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Ewing sarcomas are the second most common malignant primary bone tumors of childhood after osteosarcoma, typically arising from the medullary cavity with the invasion of the Haversian system. Ewing sarcomas usually present as moth-eaten, destructive, and permeative lucent lesions in the shaft of long bones, with a large soft tissue component and typical onion skin periostitis. These tumors may also involve flat bones and can appear sclerotic in up to 30% of cases.
Ewing sarcoma typically occurs in children and adolescents between 10 and 20 years of age (95% between 4 and 25 years of age) and has a slight male predilection (M: F 1.5:1) 1,2.
The Ewing sarcoma family of tumors primarily occurs in white patients. In the United States, the incidence in Asians/Pacific Islanders is about one-half that in Caucasians, while the incidence among African Americans is one-ninth that in Caucasians 12.
Presentation is non-specific with local pain being by far the most common symptom. Occasionally a soft tissue mass may be palpable. Pathological fractures also occur. Systemic symptoms including fever may be present. ESR and serum LDH levels are also elevated 14.
Ewing sarcoma is a small round blue cell tumor with regular-sized primitive appearing cells. It is closely related to the soft tissue tumors pPNET, Askin tumor and neuroepithelioma, which collectively are referred to as Ewing sarcoma family of tumors (ESFT) 1. They share not only microscopic appearances but also demonstrate a non-random t(11;22)(q24;q12) chromosome rearrangement.
- lower limb: 45%
- femur most common
- pelvis: 20%
- upper limb: 13%
- spine and ribs: 13% (see thoracic Ewings sarcoma)
- the sacrococcygeal region most common 4
- skull/face: 2%
- long bones: 50-60%
- femur: 25%
- tibia: 11%
- humerus: 10%
- flat bones: 40%
- pelvis: 14%
- ribs: 6% (thoracic Ewing sarcoma)
As far as a location within long bones, the tumor is almost always metadiaphyseal or diaphyseal 2-3:
- mid-diaphysis: 33%
- metadiaphysis: 44%
- metaphysis: 15%
- epiphysis: 1-2%
Ewing sarcomas tend to be large with a wide zone of transition/poorly defined margin. Over 80% of Ewing sarcomas demonstrate extension into adjacent soft tissues. It should be noted that pPNET often extend into bone, making the distinction difficult.
Plain radiograph and CT
The appearance of these tumors is very variable, but they usually have a clearly aggressive appearance. Common findings include 2,14:
Soft tissue calcification is uncommon, seen in less than 10% of cases 2.
- T1: low to intermediate signal
- T1 C+ (Gd): heterogeneous but prominent enhancement
- T2: heterogeneously high signal, may see hair on end low signal striations
Ewing sarcomas demonstrate increased uptake on both Gallium67-citrate and all three phases of the Technetium99m methylene diphosphonate bone scans 6.
Treatment and prognosis
Systemic chemotherapy is the mainstay of treatment with surgery and/or radiotherapy playing a role depending on the location and size of the tumor.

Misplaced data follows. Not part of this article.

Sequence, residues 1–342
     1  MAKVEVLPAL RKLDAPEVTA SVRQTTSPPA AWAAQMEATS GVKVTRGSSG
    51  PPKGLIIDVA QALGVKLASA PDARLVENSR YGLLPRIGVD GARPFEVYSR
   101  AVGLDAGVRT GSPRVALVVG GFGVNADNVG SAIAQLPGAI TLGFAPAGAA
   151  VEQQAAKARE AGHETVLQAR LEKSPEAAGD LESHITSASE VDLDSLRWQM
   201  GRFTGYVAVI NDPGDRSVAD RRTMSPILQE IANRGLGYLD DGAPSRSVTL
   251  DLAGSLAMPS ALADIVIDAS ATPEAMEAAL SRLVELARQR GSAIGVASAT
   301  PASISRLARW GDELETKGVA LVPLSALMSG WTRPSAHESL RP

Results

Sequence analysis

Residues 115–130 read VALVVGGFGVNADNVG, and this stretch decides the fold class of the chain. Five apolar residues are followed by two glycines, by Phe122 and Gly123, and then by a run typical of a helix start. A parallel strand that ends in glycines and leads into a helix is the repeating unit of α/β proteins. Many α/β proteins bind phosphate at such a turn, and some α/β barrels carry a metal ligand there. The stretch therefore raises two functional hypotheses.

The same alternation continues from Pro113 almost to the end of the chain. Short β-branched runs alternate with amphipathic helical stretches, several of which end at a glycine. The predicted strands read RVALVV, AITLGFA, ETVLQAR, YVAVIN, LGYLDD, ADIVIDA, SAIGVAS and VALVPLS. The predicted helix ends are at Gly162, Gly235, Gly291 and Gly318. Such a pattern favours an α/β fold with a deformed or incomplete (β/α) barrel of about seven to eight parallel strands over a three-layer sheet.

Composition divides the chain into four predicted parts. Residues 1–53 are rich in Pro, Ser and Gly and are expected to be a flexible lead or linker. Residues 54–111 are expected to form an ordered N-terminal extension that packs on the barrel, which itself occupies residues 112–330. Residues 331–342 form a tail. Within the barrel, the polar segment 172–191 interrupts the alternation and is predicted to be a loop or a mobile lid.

What was once a uniformly fatal tumor now has respectable survival rates, although these vary with location. Spinal tumors for example have up to 86% long term survival compared to 25% of sacrococcygeal tumors 4. The overall 5 year survival is in the order of 50-75% of patients with local disease only at the time of presentation 5.
Prognosis is significantly impacted by the presence of distant metastases at the time of diagnosis, which is far more common for the pelvis (25-30%) compared to extremities (<10%) 5.
Metastases most frequently go to lungs and bones in equal proportions. The spine is the most common site of bone metastases13.
History and etymology
The tumor is named after James Stephen Ewing (1866-1943), an American pathologist, who first described his eponymous tumor in 1920 8,11.
- other Ewing sarcoma family of tumors
- more often has amorphous calcified matrix
- classically perimetaphyseal, Ewing sarcoma also occurs in other locations
- more prevalent around the knee and in the proximal humerus, in other locations Ewing sarcoma is the more frequent of the two
- metastatic disease
- hematological malignancy
- eosinophilic granuloma 9
- neuroblastoma (<age 5) 10
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- 10. Wolfgang Dähnert. Radiology Review Manual. (2011) ISBN: 9781609139438
- 11. Seyed B. Mostofi. Who's Who in Orthopedics. (2005) ISBN: 9781846280702
- 12. Jawad MU, Cheung MC, Min ES, Schneiderbauer MM, Koniaris LG, Scully SP. Ewing sarcoma demonstrates racial disparities in incidence-related and sex-related differences in outcome: an analysis of 1631 cases from the SEER database, 1973-2005. (2009) Cancer. 115 (15): 3526-36. doi:10.1002/cncr.24388 - Pubmed
- 13. Wilkins RM, Pritchard DJ, Burgert EO Jr, Unni KK. Ewing's sarcoma of bone. Experience with 140 patients. (1986) Cancer. doi:10.1002/1097-0142(19861201)58:11<2551::aid-cncr2820581132>3.0.co;2-y - Pubmed
- 14. Nicolò Riggi, Mario L. Suvà, Ivan Stamenkovic. Ewing’s Sarcoma. (2021) New England Journal of Medicine. doi:10.1056/NEJMra2028910?query=pediatrics